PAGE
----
With the September 17 deadline approaching for the US Congress to decide whether to approve the Iran nuclear agreement, it is useful to examine six key facts.
In July, after almost two years on nearly continuous negotiations, the EU3+3 and Iran reached an agreement as to how best to deal with Iran’s nuclear program and international concerns that Iran was pursuing a nuclear weapon. Since that agreement, politicians and pundits, particularly in Israel and the U.S., have bisected and trisected the terms in an effort to make a case either for or against the agreement. In the debate over the merits, facts have been a scarce commodity. As the U.S. Congress approaches the September 17 deadline to either approve or disapprove the agreement, it would be useful to examine the realities surrounding Iran and its nuclear program.
1. Iran is not ruled by a bunch of mad mullahs
Following the 1979 revolution that overthrew Shah Reza Pahlavi’s oppressive regime, Iran established an Islamic republic in which Islamic principles play an important role. The constitution vests ultimate power in the Supreme Leader, who is indirectly elected for life through the Assembly of Experts. In practice, the Supreme Leader tends to remain above the “hurley burley” of day-to-day politics. Although he is the ultimate decision maker in national security affairs, he rarely overturns decisions of the Supreme National Security Council. In many ways, the Iranian governmental structure is similar to that of the United States with separation of powers and checks and balances, thus making it difficult to understand the decision-making process.
2. In general, minorities are not persecuted or oppressed
Shia Islam of the “Twelver” variety (the three branches of Shia Islam are Twelver; Zaidi, or “Fiver”; and Ismaili, or “Sevener”) makes up the overwhelming faith of Iranians. Christians, Jews, Sunni Muslims, and Zoroastrians are recognized and are guaranteed representation in Parliament. Adherents to the Baha’i faith, which was actually founded in Iran, are considered heretics and are persecuted. While there remain limits on jobs that can be held, most adherents to the recognized faiths, particularly Jews, are comfortably ensconced in the middle class.
3. The Islamic Republic is probably the most secular Muslim country in the Middle East
Iran’s large, young, western-oriented population tends to push the envelope of governmental restrictions on personal behavior. Despite being officially banned, alcoholic beverages are readily available. Friends have said to me “under the Shah we used to pray at home and go out to drink; now we drink at home and go out to pray.” Current President Hassan Rouhani has taken steps to reduce interference in the daily lives if citizen, instructing the morality police to “lighten up.”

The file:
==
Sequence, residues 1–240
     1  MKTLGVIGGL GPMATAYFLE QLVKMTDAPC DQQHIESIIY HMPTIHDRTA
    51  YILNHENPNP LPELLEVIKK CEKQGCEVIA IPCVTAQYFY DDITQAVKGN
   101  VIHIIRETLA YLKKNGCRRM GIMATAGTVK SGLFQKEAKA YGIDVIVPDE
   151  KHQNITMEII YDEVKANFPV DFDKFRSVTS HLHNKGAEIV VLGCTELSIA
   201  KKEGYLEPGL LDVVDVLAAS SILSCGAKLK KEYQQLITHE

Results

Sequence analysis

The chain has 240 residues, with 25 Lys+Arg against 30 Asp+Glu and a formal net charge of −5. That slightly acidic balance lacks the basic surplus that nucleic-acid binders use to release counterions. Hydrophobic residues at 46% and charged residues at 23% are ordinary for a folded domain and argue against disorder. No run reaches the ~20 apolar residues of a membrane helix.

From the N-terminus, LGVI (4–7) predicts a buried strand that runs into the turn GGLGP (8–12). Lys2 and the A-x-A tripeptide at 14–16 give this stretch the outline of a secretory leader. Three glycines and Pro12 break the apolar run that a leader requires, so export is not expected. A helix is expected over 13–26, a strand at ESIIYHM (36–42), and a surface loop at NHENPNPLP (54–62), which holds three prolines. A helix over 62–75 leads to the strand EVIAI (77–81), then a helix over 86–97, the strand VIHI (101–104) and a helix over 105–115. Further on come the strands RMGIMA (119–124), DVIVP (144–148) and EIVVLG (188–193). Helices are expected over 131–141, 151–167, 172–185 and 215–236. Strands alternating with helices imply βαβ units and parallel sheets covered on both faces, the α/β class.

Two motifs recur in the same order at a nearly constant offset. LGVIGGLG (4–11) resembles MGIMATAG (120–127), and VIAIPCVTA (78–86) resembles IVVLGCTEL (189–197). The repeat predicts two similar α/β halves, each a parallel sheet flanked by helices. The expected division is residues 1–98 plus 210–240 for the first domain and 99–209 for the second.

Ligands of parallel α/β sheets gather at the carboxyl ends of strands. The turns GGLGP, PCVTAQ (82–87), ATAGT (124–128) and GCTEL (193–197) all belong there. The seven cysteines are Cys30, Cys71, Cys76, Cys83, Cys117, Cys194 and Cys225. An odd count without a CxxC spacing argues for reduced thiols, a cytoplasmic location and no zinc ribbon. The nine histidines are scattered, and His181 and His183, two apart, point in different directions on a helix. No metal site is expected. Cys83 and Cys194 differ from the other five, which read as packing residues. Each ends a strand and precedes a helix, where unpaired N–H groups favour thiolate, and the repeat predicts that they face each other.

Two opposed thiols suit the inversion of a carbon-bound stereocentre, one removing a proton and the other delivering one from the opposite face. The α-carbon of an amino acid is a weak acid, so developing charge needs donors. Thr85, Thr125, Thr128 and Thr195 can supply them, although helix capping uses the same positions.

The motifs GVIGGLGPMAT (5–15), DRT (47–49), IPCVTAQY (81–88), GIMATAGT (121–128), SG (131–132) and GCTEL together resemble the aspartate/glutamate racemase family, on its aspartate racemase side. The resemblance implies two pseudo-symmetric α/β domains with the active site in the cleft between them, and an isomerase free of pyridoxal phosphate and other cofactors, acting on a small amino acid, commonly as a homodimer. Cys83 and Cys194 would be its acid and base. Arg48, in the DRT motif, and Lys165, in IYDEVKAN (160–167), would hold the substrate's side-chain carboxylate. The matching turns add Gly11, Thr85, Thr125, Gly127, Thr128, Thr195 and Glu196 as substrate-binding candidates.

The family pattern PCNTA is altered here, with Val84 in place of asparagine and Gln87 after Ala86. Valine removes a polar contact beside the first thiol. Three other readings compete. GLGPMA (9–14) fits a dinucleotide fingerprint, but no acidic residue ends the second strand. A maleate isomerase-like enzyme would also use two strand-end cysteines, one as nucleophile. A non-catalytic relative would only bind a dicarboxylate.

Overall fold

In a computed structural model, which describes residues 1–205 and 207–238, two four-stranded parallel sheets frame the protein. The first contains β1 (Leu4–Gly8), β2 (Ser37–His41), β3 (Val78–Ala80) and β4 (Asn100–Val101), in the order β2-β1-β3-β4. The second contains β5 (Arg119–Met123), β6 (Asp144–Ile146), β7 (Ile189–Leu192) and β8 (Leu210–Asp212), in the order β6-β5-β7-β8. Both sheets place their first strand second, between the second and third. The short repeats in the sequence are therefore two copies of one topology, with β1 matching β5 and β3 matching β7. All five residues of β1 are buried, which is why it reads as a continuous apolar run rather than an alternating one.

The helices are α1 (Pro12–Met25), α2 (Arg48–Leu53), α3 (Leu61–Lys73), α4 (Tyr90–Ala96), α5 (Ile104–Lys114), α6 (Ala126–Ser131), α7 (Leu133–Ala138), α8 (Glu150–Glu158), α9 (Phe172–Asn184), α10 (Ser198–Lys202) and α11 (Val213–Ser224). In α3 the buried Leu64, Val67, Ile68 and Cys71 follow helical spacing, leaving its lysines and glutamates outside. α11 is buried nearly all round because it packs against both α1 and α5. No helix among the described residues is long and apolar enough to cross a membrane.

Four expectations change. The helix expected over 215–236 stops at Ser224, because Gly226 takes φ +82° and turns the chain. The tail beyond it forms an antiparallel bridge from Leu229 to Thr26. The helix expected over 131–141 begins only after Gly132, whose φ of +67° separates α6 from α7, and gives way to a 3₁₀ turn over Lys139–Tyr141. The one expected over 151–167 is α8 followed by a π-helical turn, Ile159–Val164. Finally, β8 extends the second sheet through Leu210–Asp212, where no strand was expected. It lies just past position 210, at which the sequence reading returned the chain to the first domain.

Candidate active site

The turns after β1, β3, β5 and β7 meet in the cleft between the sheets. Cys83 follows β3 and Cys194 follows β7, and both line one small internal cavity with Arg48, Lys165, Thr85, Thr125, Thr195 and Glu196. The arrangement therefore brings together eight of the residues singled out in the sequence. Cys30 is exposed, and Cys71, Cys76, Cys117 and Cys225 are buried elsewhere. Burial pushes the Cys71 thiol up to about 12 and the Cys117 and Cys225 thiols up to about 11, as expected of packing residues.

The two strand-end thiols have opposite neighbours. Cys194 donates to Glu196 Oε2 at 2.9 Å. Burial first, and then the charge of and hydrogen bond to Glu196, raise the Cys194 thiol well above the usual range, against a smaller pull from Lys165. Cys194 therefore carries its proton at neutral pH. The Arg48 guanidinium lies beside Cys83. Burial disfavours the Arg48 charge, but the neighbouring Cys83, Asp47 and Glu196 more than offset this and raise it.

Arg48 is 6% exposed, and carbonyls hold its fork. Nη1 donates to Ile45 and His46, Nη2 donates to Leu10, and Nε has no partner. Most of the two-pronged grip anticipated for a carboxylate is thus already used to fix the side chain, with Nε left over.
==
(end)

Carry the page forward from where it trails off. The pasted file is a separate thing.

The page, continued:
4. Women play an important role in the highly educated, young workforce
One of important reforms of the revolution was to extend education to the rural areas and, by separating the sexes, to encourage fathers to allow their daughters to attend school. While it’s true that a glass ceiling remains, women now make up 60 percent of the college students and 60 percent of the workforce.
5. Iranian policy does not call for the destruction of Israel
Since the 1990s, Iranian policy, with respect to the Israel/Palestine situation, declares that Iran would abide by the will of the Palestinian people and their leaders as reflected in an open referendum. The statement, often repeated by Israeli and Western media, that Iran wants to “wipe Israel off the face of the earth” is a politically motivated mistranslation of a comment by Ayatollah Khomeini that Israel’s policies would result in the disappearance of the Jewish State from the pages of history. Given that Israel’s policies over the past two decades have resulted in a situation where non-Jews will soon outnumber Jews, Khomeini may have been prescient.
6. If Iran lives up to its commitments under the Joint Comprehensive Plan of Action (JCPOA), what the U.S. Congress does is irrelevant
The JCPOA, signed by the EU3+3 and Iran in Vienna on July 14, 2015, envisions a peaceful Iranian nuclear program, stringent restrictions on any path to a nuclear weapon, and removal of nuclear-related sanctions. On July 20 the UN Security Council unanimously endorsed the JCPOA. With the lone exception of Israel, every other nation has expressed support for the JCPOA. As Hooman Majd pointed out in a recent New York Times op-ed, “The deal isn’t about the United States anymore. If Iran abides by it (even as America rejects it) the rest of the world will too, and the United States will have killed not the deal but its own credibility, the tremendous goodwill it has in Iran, and even its own economic interests. And Iran, the Iranians know, will abide by the treaty, make do in a world without America, and will re-elect, in 2017, the president who brought them the promise of a better life.” This train has left the station.